Just got back from watching Four Flat Whites in Italy at Circa.
I was expecting it to be highly enjoyable for two reasons. The first is that it is a Roger Hall play. The second is that it first was staged a few years ago, and lots of my friends saw it and raved about it.
It didn’t disappoint. Roger Hall has a gift for not just writing funny comedies, but comedies that reflect Kiwi life and mannerisms. You see so much of yourself reflected in the characters on stage. In fact the friend who attended with me, was unerringly similar on holidays to Alison the Librarian.
There were six characters. Adrian and Alison were one couple, played by Stuart Devenie and Darien Takle. They are a couple of retired librarians and the trip to Italy is their once in a lifetime adventure. By adventure, they mean art galleries and cathedrals.
Their best friends are unable to make it, so they go with their new neighbours – Harry and Judy, played by Tim Gordon and Vivien Bell. They are far more into late mornings and doing as little as possible on holiday.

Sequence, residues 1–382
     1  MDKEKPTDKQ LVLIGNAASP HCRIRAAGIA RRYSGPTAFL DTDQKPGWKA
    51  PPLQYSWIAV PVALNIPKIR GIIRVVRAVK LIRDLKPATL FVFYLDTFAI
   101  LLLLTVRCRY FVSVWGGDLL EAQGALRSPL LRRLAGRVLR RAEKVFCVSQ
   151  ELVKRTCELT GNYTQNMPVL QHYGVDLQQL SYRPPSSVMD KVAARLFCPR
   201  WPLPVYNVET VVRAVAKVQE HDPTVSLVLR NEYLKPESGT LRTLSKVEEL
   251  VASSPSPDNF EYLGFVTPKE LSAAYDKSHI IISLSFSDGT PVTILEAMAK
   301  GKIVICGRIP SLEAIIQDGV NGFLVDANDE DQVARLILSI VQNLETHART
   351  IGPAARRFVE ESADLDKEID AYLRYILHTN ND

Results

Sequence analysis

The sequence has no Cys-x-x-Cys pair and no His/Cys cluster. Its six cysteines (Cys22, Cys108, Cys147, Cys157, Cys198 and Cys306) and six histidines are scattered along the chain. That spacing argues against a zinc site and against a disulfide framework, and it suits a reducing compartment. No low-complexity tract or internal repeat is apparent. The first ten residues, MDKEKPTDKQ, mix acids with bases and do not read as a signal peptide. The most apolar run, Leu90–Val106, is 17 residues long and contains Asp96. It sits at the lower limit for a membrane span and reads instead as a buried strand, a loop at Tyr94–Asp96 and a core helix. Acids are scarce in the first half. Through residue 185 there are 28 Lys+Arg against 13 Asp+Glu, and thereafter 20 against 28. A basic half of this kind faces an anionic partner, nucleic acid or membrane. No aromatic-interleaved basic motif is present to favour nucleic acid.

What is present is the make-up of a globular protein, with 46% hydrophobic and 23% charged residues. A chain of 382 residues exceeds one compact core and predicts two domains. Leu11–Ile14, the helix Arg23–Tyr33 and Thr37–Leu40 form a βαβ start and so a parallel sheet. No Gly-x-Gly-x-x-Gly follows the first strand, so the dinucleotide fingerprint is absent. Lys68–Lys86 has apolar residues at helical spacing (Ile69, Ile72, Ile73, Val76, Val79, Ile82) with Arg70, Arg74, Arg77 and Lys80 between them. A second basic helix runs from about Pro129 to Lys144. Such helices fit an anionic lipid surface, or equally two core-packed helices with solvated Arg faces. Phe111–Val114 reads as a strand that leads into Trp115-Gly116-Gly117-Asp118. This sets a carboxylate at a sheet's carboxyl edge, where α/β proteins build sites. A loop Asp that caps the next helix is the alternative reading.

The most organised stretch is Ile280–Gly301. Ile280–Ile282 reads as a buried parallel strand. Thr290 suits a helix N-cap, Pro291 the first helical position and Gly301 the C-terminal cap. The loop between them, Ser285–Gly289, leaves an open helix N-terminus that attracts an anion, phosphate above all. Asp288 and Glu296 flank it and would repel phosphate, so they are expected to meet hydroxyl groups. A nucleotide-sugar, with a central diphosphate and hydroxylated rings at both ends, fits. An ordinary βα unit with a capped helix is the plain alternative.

The play is similar to The Motor Camp, with most of the humour coming from two mismatched couples – one uptight and one free spirited. There is also a degree of dark secrets and sexual tension to keep things interesting.
The dark secret is revealed fairly early on. I won’t reveal it here, but will note that four of the plays I have seen in the last two years at Circa have all had much the same dark secret. It would be nice to have a greater variety of dark secrets in play.
Stuart Devenie also acts as a narrator for the play, often narrating what has happened to the audience, on top of his dialogue. He was the start of the show for me, with his numerous asides and his wonderful array of facial expressions.
Also worth of mention are Simon Vincent and Heather O’Carroll who play a variety of Italian roles from a photo touting Roman legionary at the Coliseum to a Count and Contessa who own a villa the families stay at. A very funny joke in the script about how it is only Australians and New Zealanders who make jokes about spelling Count with an O.
The play is quite long at 140 minutes, but has an interval. However it is never boring. The laughs are pretty much non stop, and it was a thoroughly enjoyable play. Kudos should also go to the set designer, especially for the pop up car.Tags: Circa, Reviews